From George Seegar5
ALS: American Philosophical Society
Nants Decr. 29th. 1778
The Remembrance of my late Confinemt. with all its Concobitant Grievances, induces me to wish something could be done for those I have left behind it is the advice of all our best friends in London & other parts of England; that an Agent should be appointed in London, who should advance small sums to such prisoners, who break out of Prison to bear their Passage to France, it would not Cost the Country more money than it does on the present plan, and they would get over sooner, and with less trouble—it must be done privately, and there are Gentn. who would undertake it if they knew they would be encouraged in it, (that is) to have their money repaid them again when they want it; which is not the Case at present, There are Gentn. who have advanced largely at different times & the poor prisoners have it not in their power to Remit it again in time; The Revd. Mr. Denward Recommends Capt. Moses Robertson as the most suitable person6 and from the little Acquaintance I made with him I think he is a very good man for the purpose. As there is no appearance of an exchange if some such method is not pursued they will go on Board Kings Ships of War & fight against their Brethren, as many of them have already done; and One hundred of them men are in my Judgment as good as One hundred & fifty that never were in prison.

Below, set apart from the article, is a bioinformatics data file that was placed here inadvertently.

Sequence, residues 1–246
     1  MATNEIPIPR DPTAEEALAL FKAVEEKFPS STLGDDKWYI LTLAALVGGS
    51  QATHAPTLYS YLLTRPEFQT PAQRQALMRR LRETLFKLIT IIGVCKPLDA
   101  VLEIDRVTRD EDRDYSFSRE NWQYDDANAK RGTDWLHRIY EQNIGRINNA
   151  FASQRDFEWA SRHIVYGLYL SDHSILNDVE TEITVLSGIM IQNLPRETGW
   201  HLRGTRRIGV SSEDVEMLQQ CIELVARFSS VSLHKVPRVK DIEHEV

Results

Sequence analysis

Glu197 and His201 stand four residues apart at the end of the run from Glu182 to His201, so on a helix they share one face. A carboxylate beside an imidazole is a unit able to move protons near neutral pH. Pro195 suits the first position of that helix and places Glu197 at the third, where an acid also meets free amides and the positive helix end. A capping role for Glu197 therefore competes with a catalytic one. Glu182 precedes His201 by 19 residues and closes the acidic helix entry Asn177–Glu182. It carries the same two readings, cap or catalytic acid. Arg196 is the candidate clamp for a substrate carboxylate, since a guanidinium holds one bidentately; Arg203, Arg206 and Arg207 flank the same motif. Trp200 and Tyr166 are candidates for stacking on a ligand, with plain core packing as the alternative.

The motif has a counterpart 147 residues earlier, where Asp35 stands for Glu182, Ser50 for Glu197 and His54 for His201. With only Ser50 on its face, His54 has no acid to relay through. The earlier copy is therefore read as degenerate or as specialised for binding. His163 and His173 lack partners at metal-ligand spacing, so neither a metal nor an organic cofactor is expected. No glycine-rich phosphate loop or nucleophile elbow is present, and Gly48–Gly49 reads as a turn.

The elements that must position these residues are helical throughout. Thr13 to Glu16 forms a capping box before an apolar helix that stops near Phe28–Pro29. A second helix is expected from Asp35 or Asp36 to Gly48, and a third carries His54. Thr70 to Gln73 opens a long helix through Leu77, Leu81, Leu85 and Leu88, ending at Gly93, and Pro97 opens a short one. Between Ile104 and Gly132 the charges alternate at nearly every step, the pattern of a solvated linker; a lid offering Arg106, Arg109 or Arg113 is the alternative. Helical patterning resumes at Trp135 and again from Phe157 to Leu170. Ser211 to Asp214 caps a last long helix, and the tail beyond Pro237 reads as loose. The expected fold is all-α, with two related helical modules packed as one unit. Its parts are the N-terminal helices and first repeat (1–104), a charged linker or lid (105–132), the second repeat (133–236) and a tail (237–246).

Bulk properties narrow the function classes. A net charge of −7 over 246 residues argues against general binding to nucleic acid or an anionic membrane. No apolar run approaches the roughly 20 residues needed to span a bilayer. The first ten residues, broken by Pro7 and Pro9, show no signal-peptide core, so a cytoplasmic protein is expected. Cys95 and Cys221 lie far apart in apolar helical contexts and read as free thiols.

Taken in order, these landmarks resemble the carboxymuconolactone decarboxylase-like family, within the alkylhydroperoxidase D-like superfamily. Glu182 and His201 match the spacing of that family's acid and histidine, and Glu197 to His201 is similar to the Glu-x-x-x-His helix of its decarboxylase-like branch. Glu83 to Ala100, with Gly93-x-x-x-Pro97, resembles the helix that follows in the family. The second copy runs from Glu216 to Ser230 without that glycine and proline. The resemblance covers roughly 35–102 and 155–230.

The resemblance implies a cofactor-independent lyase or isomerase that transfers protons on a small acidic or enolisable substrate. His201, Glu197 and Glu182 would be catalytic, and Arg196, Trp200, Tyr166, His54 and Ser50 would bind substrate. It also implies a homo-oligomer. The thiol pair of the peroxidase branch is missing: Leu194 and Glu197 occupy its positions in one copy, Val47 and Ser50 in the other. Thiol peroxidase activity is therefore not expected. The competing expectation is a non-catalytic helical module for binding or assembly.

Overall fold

If you should take it into Consideration, I believe you will see the propriety of it, and will soon have many of them with you ready to go into their Country Service.
I have the Honour to be Yr. Obliged Hble. Servt.
Addressed: To / Monsieur Franklin / Paris
Notations in different hands: G. Seegar 29 Dec 78 / Geo Seagar.
5. A resident of Maryland, he had served as surgeon’s mate on the General Montgomery, an American privateer whose crew was captured and sent to England in May, 1777, on the frigate Alarm: Naval Docs., IX, 563.
6. A note to this effect written by Thomas Denward, a clergyman at Dover, and dated Dec. 10 is now at the APS. It reminds an unnamed person to ask BF to appoint “Cap. Robinson” to the urgently needed post of agent in London. Denward died in 1784: Gent. Mag., LIV (1784), 151.